In "The Lottery," can you explain the allusion and symbolism behind the names like Delacroix, Graves, Summers, Warner, Bentham, Hutchinson and Martin?
In "The Lottery," Jackson has deliberately created characters with names that reinforce the central themes and ideas of the story. Mr. Summers, for example, is a name synonymous with joy and vitality, but it also reflects the irony at the heart of the story: that the lottery is not an event worth winning but rather an event associated with brutality and death.
Similarly, Old Man Warner's name reflects the warnings that he gives to the other townspeople. We see this, for instance, when Mr. Adams mentions that some other places have abandoned the lottery and Mr. Warner believes that this is a mistake:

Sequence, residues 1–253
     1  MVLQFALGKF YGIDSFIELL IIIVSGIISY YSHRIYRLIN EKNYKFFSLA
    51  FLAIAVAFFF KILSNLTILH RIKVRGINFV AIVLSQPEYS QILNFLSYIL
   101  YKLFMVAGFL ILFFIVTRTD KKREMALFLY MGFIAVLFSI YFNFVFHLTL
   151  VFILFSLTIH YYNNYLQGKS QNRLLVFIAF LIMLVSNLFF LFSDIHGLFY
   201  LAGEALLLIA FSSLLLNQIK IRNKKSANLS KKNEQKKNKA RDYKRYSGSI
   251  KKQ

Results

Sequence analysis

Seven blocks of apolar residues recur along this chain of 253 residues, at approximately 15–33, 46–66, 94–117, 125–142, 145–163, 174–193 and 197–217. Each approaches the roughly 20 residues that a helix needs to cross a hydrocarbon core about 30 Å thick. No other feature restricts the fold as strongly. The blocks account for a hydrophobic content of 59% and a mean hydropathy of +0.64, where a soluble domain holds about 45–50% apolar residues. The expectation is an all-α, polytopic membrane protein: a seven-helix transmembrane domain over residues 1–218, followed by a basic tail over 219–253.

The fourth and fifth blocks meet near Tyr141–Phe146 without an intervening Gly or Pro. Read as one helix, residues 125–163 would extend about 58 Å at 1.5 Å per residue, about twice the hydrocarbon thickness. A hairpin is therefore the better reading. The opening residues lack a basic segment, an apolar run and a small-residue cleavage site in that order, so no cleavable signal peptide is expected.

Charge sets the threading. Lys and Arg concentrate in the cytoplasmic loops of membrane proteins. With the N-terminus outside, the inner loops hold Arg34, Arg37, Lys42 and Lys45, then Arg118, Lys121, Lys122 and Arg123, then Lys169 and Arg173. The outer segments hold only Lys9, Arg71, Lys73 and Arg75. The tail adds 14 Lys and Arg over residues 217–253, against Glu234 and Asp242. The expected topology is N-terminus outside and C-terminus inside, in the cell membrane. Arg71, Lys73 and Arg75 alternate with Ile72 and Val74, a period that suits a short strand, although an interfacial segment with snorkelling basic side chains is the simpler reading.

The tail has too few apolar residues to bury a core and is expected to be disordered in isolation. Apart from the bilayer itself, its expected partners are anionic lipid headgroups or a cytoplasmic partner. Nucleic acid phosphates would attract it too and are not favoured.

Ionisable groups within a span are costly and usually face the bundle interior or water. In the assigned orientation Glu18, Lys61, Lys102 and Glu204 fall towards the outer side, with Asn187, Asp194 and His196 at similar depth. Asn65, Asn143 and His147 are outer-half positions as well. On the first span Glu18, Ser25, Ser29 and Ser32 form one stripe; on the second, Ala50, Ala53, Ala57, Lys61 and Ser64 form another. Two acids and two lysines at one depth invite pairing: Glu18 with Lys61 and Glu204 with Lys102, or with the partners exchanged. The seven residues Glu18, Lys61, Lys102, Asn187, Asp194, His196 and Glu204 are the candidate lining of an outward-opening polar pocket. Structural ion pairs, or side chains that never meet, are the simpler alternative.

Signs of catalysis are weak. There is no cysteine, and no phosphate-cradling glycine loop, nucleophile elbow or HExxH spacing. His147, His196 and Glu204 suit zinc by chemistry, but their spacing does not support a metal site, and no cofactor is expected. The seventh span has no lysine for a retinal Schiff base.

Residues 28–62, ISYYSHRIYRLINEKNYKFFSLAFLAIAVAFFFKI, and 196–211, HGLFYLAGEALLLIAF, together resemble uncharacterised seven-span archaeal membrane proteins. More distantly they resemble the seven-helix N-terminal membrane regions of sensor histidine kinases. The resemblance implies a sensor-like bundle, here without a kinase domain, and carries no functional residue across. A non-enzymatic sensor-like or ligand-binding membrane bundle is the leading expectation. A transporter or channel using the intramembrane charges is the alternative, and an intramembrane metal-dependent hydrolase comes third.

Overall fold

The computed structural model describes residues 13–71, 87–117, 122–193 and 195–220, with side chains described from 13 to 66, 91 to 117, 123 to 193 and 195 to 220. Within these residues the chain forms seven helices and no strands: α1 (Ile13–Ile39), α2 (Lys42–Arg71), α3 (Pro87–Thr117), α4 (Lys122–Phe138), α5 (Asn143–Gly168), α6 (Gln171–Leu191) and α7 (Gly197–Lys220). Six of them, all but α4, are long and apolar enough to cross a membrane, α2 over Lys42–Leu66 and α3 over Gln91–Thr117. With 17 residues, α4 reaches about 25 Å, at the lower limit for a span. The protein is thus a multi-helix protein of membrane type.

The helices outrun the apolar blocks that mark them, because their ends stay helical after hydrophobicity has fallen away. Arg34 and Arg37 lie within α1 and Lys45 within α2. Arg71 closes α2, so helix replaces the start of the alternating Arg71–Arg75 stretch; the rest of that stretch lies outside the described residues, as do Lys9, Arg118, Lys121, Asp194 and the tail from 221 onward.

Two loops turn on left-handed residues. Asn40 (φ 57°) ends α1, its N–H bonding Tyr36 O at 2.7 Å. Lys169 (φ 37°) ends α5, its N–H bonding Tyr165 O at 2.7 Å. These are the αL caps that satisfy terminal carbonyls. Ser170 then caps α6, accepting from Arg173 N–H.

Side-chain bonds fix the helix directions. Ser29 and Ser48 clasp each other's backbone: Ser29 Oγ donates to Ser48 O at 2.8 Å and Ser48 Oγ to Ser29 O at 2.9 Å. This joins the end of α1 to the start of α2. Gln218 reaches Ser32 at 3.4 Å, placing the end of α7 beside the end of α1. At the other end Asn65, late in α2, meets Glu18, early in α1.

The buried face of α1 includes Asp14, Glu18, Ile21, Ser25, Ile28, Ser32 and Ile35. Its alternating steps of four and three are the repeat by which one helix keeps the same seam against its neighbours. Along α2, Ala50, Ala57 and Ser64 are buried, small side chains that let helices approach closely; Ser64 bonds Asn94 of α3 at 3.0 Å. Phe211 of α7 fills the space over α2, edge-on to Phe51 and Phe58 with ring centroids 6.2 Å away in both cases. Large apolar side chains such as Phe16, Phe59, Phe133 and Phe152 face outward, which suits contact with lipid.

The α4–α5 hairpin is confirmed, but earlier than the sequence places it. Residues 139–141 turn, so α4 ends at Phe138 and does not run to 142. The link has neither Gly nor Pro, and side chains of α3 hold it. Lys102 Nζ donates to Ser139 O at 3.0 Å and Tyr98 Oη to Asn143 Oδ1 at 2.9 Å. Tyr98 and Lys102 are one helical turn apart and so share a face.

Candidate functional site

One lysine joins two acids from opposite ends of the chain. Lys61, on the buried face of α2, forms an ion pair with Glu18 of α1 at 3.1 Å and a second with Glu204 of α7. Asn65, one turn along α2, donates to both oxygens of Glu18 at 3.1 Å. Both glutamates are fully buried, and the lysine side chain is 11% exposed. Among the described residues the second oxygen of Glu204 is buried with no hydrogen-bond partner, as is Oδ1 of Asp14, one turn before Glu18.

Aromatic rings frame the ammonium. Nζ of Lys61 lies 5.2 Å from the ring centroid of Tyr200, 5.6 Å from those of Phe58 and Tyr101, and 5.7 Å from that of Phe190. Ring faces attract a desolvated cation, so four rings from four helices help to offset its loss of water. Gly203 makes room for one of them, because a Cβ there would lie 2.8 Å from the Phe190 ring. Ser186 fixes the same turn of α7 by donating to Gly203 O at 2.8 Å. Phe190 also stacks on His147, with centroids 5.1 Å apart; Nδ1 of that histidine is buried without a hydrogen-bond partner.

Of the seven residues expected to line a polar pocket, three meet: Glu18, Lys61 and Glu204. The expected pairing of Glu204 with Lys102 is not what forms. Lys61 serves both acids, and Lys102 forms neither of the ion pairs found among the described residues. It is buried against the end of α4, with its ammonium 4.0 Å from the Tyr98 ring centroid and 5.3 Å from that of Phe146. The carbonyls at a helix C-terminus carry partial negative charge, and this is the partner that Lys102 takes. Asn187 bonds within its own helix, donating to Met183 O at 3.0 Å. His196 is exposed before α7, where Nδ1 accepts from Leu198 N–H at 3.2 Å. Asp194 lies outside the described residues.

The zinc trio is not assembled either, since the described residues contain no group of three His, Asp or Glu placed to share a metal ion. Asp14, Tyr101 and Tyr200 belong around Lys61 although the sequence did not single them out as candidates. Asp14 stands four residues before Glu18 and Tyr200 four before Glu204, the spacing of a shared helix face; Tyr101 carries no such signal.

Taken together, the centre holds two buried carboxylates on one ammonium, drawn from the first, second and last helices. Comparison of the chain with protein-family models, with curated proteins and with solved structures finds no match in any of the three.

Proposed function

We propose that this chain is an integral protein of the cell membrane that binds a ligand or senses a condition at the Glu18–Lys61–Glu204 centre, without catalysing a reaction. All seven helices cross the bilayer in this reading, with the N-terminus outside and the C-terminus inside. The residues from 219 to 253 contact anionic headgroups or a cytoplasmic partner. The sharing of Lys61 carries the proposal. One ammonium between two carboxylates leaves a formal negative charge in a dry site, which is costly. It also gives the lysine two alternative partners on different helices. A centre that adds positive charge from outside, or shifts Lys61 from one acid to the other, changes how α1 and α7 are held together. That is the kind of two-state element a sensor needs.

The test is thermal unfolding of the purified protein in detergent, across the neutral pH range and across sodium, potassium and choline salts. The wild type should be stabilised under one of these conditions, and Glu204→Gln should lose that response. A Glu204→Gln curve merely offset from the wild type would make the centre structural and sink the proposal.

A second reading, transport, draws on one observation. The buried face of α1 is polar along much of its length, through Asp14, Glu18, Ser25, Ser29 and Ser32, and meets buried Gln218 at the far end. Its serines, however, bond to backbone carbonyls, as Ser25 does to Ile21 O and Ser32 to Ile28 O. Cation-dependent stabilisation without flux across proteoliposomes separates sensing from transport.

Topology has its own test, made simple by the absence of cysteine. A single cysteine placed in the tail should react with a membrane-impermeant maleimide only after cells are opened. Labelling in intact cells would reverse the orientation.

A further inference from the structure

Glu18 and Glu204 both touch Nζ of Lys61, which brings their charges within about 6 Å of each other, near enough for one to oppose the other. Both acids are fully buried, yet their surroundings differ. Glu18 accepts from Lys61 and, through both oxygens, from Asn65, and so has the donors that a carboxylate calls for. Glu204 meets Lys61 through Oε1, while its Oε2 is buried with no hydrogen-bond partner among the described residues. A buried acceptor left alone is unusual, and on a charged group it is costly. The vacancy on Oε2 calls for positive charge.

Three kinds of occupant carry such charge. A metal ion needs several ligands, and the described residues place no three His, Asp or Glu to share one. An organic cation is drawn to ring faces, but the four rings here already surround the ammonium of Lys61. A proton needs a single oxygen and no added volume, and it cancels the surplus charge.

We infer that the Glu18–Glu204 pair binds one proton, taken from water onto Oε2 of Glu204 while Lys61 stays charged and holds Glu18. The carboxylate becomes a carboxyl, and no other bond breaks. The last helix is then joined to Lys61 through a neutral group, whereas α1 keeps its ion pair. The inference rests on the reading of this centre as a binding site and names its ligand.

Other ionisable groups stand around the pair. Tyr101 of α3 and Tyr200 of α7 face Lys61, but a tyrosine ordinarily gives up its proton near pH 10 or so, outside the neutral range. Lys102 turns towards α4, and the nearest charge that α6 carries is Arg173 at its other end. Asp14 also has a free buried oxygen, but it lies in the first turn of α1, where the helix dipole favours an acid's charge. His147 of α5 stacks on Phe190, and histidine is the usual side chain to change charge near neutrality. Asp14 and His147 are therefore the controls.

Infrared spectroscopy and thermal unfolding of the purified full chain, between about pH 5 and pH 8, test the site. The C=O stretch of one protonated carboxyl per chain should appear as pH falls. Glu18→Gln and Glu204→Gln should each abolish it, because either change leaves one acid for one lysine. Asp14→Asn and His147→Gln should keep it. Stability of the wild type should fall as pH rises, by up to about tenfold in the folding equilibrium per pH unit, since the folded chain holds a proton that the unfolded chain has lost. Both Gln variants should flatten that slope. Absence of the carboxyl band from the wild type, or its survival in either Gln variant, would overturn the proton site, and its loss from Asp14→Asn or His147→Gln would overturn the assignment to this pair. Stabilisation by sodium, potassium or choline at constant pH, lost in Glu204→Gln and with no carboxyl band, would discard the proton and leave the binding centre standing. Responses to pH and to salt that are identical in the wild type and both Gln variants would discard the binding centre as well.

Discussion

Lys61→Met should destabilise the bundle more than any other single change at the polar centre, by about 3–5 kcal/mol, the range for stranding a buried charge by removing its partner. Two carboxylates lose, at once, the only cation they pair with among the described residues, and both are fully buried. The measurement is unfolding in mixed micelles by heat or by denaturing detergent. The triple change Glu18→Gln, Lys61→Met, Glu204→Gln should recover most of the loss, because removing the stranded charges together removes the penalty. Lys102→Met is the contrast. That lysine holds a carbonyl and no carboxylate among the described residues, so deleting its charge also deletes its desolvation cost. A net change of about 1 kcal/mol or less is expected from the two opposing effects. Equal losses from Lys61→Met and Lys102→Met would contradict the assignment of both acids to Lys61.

"Nothing but trouble in that," Old Man Warner said stoutly. "Pack of young fools."
The name Delacroix also has some significance. This name, for instance, is French in origin and means "of the cross." This evokes a sense of martyrdom but is the exact opposite of what happens in this story: Tessie Hutchinson wins the lottery but she is not a willing martyr, just a victim of this brutal festival.
Some of the names are symbolic while others were just the most popular names around at the time the story was written. Some of the names, too, are obviously significant: the ritual is presided over by Mr. Summers, the first man to draw a lot is Mr. Adams, and conservative warnings are uttered by Mr. Warner. Note, too, that the leaders of the attack on Mrs. Hutchinson are Adams (the first sinner) and Graves (the result of sin was death). Mr. Summers, a “round-faced, jovial man,” has the “time and energy to devote to civic activities.” His name is ironic, too, for summer usually connotes youth and freedom, but he perpetuates a deathly ritual.